Lies, damned lies and the NSA

By Eric Mink

It’s five months since the debut of Edward Snowden’s traveling intelligence leak show, and the hits just keep on coming.

Last Friday, U.S. ambassador James Costos met with his hosts in Madrid and assured Spain’s foreign minister, Jose Manuel Garcia-Margallo, that America’s National Security Agency only spies in Spain in collaboration with Spain’s intelligence agencies and always respects Spanish law.

Sure it does.

But recent disclosures of the NSA’s escapades with allies and adversaries overseas are little more than diplomatically embarrassing distractions. Far more alarming is the torrent of revelations that has gushed from Snowden’s stash of secrets, which the former mid-level employee for a firm doing contract work for the NSA snatched with apparent ease from America’s highly classified intelligence computers.

These documents, memos, charts and graphs have revealed that the NSA is seizing and compiling in unimaginably huge databases the records of Americans’ telephone and Internet usage, financial transactions, routine government records, travel activity, social connections and essentially anything else that produces or can be derived from an electronic document trail.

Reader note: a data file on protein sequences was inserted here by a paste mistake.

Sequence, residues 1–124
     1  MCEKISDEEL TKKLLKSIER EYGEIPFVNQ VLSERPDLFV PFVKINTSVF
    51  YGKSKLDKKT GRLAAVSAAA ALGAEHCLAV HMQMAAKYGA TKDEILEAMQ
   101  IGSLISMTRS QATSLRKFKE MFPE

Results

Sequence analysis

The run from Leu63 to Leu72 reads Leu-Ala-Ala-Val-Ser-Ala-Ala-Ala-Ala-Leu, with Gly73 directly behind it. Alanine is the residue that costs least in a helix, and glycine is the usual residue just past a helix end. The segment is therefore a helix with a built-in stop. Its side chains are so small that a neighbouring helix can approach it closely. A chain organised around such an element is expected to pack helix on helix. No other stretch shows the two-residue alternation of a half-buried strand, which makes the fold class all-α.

The potential for malevolence of such massive information reservoirs was summed up by William Binney, a former senior NSA analyst identified by investigative reporter James Bamford as a “crypto-mathematician largely responsible for automating the agency’s worldwide eavesdropping network.” In a highly detailed story about the NSA for the respected magazine Wired and, Bamford described this chilling moment with Binney: “Sitting in a restaurant not far from NSA headquarters, the place where he spent nearly 40 years of his life, Binney held his thumb and forefinger close together. ‘We are, like, that far from a turnkey totalitarian state.’”

Of course, creating electronic infrastructure, databases and software suitable for tyrannical control of the United States is not the NSA’s mission. The National Security Agency and its jointly directed Central Security Service are military entities assigned to gather, analyze and distribute classified electronic information relating to foreign intelligence. Spokespeople invariably emphasize its focus on terrorism, nuclear proliferation and cybersecurity.